The Family and Medical Leave Act, 29 U.S.C. § 2601, et seq., also known as the FMLA, provides that eligible employees may take up to twelve weeks of unpaid leave during any twelve-month period, for any of four general reasons:
1. For the birth and care of a newborn child;
2. Adoption placement;
3. Care for an immediate family member (spouse, parent, or child) with a serious health condition; or
4. Due to the employee’s inability to work resulting from a serious health condition.
Please note that employees may have additional rights to leave for military duty or purposes under USERRA. In general, employers covered by the FMLA must have at least fifty employees for at least twenty weeks preceding the filing of a federal complaint, and must be engaged in commerce or in any industry affecting commerce. In order to be eligible for FMLA leave, an employee must have been employed by the employer for at least twelve months and at least 1250 hours during the twelve months immediately preceding the leave. Further, the employee must be work at a site where there are at least fifty employees within seventy-five miles.
Generally, an employer may not interfere with any eligible employee’s FMLA rights. It is a violation of the FMLA to fail to notify or inform an employee of his or her FMLA rights once the employer has notice of any condition that may qualify the employee for leave. It is also a violation to deny an employee of properly requested leave, or to fail to reinstate the employee at the end of leave. Employees must be reinstated to the same or an equivalent position after return from leave. Further, the employer is prohibited from retaliating against any employee for exercising his or her rights under the FMLA.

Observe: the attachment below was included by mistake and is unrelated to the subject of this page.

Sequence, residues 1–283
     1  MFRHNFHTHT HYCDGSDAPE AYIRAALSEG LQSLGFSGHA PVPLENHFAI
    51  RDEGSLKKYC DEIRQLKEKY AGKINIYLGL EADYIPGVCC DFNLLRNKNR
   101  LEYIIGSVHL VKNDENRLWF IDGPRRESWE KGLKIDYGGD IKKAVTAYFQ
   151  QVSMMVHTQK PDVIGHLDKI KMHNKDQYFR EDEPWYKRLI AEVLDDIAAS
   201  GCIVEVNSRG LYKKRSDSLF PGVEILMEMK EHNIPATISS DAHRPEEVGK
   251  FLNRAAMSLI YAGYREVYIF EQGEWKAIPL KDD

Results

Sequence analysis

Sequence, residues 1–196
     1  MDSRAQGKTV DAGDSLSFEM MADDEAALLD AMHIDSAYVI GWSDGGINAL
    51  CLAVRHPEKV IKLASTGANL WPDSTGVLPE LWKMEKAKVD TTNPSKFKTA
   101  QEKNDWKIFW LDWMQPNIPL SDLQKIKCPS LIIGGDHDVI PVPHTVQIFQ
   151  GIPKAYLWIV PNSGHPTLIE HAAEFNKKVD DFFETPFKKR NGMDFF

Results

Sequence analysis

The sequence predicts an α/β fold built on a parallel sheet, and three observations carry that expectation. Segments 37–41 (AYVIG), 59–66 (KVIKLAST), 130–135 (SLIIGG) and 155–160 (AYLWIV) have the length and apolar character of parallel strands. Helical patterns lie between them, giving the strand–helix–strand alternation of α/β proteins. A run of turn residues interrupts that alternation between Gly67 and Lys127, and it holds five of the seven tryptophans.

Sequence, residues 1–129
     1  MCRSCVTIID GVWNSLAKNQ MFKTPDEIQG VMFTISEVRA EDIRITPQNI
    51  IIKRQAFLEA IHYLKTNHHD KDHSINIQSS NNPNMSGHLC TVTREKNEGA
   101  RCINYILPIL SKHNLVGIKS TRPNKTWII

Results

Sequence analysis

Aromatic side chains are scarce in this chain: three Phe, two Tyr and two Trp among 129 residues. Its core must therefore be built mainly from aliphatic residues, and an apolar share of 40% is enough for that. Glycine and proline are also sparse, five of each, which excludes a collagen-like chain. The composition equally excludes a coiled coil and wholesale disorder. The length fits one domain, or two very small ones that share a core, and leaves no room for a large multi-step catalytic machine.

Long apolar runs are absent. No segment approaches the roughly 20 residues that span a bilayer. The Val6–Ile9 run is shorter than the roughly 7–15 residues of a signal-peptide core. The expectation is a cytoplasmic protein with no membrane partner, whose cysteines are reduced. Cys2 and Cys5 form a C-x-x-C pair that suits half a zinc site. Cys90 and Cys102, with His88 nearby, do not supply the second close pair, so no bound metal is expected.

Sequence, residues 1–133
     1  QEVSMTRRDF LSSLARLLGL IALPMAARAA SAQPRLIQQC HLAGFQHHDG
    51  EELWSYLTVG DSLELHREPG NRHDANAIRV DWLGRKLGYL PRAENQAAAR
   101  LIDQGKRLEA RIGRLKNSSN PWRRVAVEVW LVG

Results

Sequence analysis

It is not necessary to file a charge with any administrative agency before filing a federal lawsuit under the FMLA. However, suit must be filed with two years of the unlawful act. If the employer has willfully violated the FMLA, an employee has three years to file suit.
A successful plaintiff who sues his or her employer for a violation of the FMLA may be entitled to back pay, actual monetary loss sustained as a result of the violation (up to twelve weeks of pay), liquidated damages equal to the amount of money lost by the plaintiff, injunctive relief, court and related costs, and attorneys’ fees. Chicago employment lawyer Alejandro Caffarelli has handled and won multiple FMLA jury trials.